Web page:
Net loss per Partnership Unit  $(6.40)  $(7.94)  $(23.06)  $(30.94)  $(67.35)
                          
Outstanding weighted Partnership Units   20,480    20,495    20,500    20,500    20,500 

 

Note 1 – Loss from operations for the years ended March 31, 2014, 2013, 2012, 2011 and 2010 includes a charge for impairment losses on investments in Local Limited Partnerships of $9,465, $43,460, $250,984, $365,384, and $881,075, respectively. (See Note 2 to the financial statements.)

 

21
 

 

   For the Years Ended March 31, 
   2014   2013   2012   2011   2010 
                     
Net cash provided by (used in):                         
                          
Operating activities  $(21,048)  $2,001   $(8,432)  $(59,514)  $(23,398)
Investing activities   46,220    -    -    18,299    1,872 
                          
Net change in cash   25,172    2,001    (8,432)   (41,215)   (21,526)
                          
Cash, beginning of period   7,113    5,112    13,544    54,759    76,285 
                          
Cash, end of period  $32,285   $7,113   $5,112   $13,544   $54,759 

 

Low Income Housing Tax Credits per Partnership Unit were as follows for the years ended December 31:

 

   2013   2012   2011   2010   2009 
                     
Federal  $-   $2   $20   $32   $79 
State   -    -    -    -    - 
                          
Total  $-   $2   $20   $32   $79 

 

Item 7. Management’s Discussion and Analysis of Financial Condition and Results of Operations

 

Forward Looking Statements

 

With the exception of the discussion regarding historical information, this “Management’s Discussion and Analysis of Financial Condition and Results of Operations” and other discussions elsewhere in this Form 10-K contain forward looking statements. Such statements are based on current expectations subject to uncertainties and other factors which may involve known and unknown risks that could cause actual results of operations to differ materially from those projected or implied. Further, certain forward-looking statements are based upon assumptions about future events which may not prove to be accurate.

 

Risks and uncertainties inherent in forward looking statements include, but are not limited to, the Partnership’s future cash flows and ability to obtain sufficient financing, level of operating expenses, conditions in the Low Income Housing Tax Credits property market and the economy in general, as well as legal proceedings. Historical results are not necessarily indicative of the operating results for any future period.

 

Subsequent written and oral forward looking statements attributable to the Partnership or persons acting on its behalf are expressly qualified in their entirety by cautionary statements in this Form 10-K and in other reports filed with the Securities and Exchange Commission. The following discussion should be read in conjunction with the financial statements and the notes thereto included elsewhere in this filing.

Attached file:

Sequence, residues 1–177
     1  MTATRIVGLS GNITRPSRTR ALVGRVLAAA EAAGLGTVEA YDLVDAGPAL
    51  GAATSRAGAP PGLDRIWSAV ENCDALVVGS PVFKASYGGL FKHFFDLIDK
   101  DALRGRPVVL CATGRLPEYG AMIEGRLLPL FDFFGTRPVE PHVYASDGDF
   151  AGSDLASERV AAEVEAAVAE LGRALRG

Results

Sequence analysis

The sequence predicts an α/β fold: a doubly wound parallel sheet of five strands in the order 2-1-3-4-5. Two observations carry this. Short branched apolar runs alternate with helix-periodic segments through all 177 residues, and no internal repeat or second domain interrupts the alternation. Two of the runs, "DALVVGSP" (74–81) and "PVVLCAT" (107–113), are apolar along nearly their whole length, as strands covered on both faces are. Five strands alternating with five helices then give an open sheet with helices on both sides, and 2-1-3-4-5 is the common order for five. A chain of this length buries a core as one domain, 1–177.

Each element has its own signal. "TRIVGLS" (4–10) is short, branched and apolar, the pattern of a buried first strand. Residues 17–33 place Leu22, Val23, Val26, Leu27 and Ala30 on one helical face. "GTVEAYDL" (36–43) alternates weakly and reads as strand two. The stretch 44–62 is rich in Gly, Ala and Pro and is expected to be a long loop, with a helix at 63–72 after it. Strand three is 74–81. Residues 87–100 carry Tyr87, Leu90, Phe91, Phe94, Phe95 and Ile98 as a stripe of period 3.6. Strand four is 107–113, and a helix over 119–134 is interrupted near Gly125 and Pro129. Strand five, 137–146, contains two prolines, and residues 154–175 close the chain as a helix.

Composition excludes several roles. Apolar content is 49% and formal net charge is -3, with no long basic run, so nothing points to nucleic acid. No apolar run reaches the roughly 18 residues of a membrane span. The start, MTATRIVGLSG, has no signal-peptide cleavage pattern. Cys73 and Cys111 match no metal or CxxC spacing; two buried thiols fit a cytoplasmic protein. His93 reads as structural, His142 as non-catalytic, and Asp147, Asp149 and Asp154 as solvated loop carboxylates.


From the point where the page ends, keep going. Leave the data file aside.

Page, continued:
Critical Accounting Policies and Certain Risks and Uncertainties

 

The Partnership believes that the following discussion addresses the Partnership’s most significant accounting policies, which are the most critical to aid in fully understanding and evaluating the Partnership’s reported financial results, and certain of the Partnership’s risks and uncertainties.

 

Use of Estimates

 

The preparation of financial statements in conformity with accounting principles generally accepted in the United States of America requires management to make estimates and assumptions that affect the reported amounts of assets and liabilities and disclosure of contingent assets and liabilities at the date of the financial statements, and the reported amounts of revenues and expenses during the reporting period. Actual results could materially differ from those estimates.

 

22
 

 

Method of Accounting for Investments in Local Limited Partnerships

 

The Partnership accounts for its investments in Local Limited Partnerships using the equity method of accounting, whereby the Partnership adjusts its investment balance for its share of the Local Limited Partnerships’ results of operations and for any contributions made and distributions received. The Partnership reviews the carrying amount of an individual investment in a Local Limited Partnership for possible impairment at least annually or whenever events or changes in circumstances indicate that the carrying amount of such investment may not be recoverable. Recoverability of such investment is measured by the estimated value derived by management, generally consisting of the product of the remaining future Low Income Housing Tax Credits estimated to be allocable to the Partnership and any estimated residual value to the Partnership. If an investment is considered to be impaired, the Partnership reduces the carrying value of its investment in any such Local Limited Partnership. The accounting policies of the Local Limited Partnerships, generally, are expected to be consistent with those of the Partnership. Costs incurred by the Partnership in acquiring the investments are capitalized as part of the investment account and were being amortized over 30 years. (See Notes 2 and 3 to the financial statements)